Back in history: Lucky, time and again

The man who missed a succession of sinkings and groundings by sheer luck or perhaps prescience - Percy Bucknell. Picture: FT FILE

Many “old salts” can tell you stories of the hours they spent at sea awaiting rescue after their ships sank.

This article, published in The Fiji Times on May 11, 1974, is about Percy Bucknell, 69, who had a different slant on the “I was there” accounts of marine disasters.

In his 30 years at sea, the veteran mariner missed a succession of sinkings and groundings by sheer luck or perhaps prescience. One way or another he managed to get off a ship only hours before sailing time, only to hear later that she had met her end.

Mr Bucknell, who was a fitter at Island Industries cement factory in Lami when he was interviewed, was born in Ba and began sailing at the age of 14.

Three years later, in 1925, he “wasn’t there” when Gleena A was wrecked on Horseshoe Reef in the Koro Sea.

Gleena A was a two-masted sailing ship which carried cargo in the group.

“I had been on the ship only for a short while and after reaching Lautoka, I decided I wanted to see mum and dad and the rest of the family,” he said.

“I went to the skipper and told him this and he said it was all right with him, so I left.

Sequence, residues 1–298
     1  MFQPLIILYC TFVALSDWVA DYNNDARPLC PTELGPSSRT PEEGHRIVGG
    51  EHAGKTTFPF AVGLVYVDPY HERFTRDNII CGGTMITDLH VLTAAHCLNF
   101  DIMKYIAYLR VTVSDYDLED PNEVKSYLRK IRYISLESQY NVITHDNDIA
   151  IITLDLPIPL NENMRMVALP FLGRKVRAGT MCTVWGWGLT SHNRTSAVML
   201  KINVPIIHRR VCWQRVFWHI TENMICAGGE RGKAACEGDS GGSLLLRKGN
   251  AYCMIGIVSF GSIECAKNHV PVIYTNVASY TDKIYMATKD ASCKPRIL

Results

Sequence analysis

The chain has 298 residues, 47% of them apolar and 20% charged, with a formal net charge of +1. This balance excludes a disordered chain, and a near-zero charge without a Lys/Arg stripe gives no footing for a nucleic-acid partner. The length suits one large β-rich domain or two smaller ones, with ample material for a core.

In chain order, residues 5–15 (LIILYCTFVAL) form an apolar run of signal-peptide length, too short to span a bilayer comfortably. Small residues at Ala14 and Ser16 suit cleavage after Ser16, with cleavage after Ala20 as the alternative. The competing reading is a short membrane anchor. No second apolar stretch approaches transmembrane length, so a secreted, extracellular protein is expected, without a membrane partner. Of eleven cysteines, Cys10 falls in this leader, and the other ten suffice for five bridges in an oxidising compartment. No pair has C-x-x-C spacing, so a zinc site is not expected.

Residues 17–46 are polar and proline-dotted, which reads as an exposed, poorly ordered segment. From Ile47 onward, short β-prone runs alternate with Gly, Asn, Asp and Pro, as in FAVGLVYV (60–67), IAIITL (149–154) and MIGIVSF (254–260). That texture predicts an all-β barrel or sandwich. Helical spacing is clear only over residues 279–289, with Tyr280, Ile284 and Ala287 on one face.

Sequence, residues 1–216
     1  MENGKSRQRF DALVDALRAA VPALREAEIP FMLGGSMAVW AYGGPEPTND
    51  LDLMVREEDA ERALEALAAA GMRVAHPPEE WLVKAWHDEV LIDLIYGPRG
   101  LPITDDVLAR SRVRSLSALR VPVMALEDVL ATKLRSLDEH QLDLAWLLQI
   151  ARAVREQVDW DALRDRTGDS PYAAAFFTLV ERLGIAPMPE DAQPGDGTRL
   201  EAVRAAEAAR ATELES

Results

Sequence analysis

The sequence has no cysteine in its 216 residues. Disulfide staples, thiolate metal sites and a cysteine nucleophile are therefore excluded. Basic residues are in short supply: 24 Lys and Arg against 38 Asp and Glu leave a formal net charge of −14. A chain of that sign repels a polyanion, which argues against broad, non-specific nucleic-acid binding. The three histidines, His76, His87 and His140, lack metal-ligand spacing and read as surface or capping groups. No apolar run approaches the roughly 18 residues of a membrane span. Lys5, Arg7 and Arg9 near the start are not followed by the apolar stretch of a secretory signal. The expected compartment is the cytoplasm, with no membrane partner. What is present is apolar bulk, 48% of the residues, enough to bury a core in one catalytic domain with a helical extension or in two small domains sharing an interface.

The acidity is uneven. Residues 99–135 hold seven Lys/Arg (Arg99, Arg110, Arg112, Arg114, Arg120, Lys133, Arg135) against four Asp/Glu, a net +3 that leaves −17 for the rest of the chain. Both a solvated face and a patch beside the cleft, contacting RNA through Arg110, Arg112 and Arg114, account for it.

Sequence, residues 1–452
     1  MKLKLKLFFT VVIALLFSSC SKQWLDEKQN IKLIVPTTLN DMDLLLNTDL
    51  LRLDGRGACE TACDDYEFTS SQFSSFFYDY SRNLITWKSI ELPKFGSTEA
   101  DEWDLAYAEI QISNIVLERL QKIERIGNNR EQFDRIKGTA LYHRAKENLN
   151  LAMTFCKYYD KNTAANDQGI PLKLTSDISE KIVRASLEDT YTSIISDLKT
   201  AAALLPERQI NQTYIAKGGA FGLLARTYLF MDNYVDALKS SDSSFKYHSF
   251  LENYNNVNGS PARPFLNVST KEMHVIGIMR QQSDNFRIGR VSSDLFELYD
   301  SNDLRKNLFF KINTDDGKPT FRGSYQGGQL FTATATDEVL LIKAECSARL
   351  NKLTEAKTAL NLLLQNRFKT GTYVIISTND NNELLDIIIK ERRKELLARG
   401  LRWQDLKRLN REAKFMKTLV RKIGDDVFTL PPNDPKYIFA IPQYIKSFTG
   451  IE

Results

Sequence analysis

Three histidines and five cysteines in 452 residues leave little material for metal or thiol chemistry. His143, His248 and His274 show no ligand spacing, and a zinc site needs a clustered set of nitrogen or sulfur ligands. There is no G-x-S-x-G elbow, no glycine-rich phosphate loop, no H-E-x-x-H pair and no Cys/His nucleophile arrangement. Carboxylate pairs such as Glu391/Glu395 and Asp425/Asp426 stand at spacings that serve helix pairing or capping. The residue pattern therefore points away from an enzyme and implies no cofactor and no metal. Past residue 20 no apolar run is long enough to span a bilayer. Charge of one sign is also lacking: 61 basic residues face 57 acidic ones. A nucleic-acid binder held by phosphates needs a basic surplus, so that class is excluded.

“Later I heard she had run aground on Horseshoe and considered myself lucky.”

On that occasion there was no loss of life and the incident failed to deter the young Bucknell from going out to sea. His next ship took him far beyond Fiji to the outside world.

About 27 years later, after travelling the world, mostly in the engine room, Mr Bucknell lost some good friends when the motor vessel Awahou grounded.

Again he wasn’t there. Mr Bucknell was in Sydney when the steamer, a little bigger than Ai Sokula, was preparing to leave for Fiji.

“I was asked to join the engine room for the trip but I took a good look at the wooden ship and had second thoughts. “Just before she sailed, I told the captain I was going to fly home and could not join them.

“Awahou sailed for Fiji the same day.

“The next day, I heard she had sunk and there were no survivors.”

Among the crew were some of his best mates — Bill McGoon, Rasul Columbus and Sonnie Koi.

Just before the ship sailed, two other Fiji men, Sam Whippy and Charles Morvick, left and they were still alive.

A few years later, Mr Bucknell was holidaying in Fiji and was offered a job as second engineer on MV Nukulau.

He decided to pass the job on to a friend because he wanted to enjoy his holiday. MV Nukulau sailed the same evening and sank later in the Koro Sea. Luckily, the sugar boat, Rona, was nearby and saved the entire crew.

In the most recent time when Mr Bucknell wasn’t there was in November, 1973, and it involved the ship James Cook.

Mr Bucknell joined this ship in Suva as chief engineer and the ship left Fiji that month, spent a day in Noumea and sailed to Brisbane. A few days after leaving Brisbane, she radioed that her engines had seized.

Again Mr Bucknell wasn’t there. He had signed off in Brisbane and flown home to Fiji.

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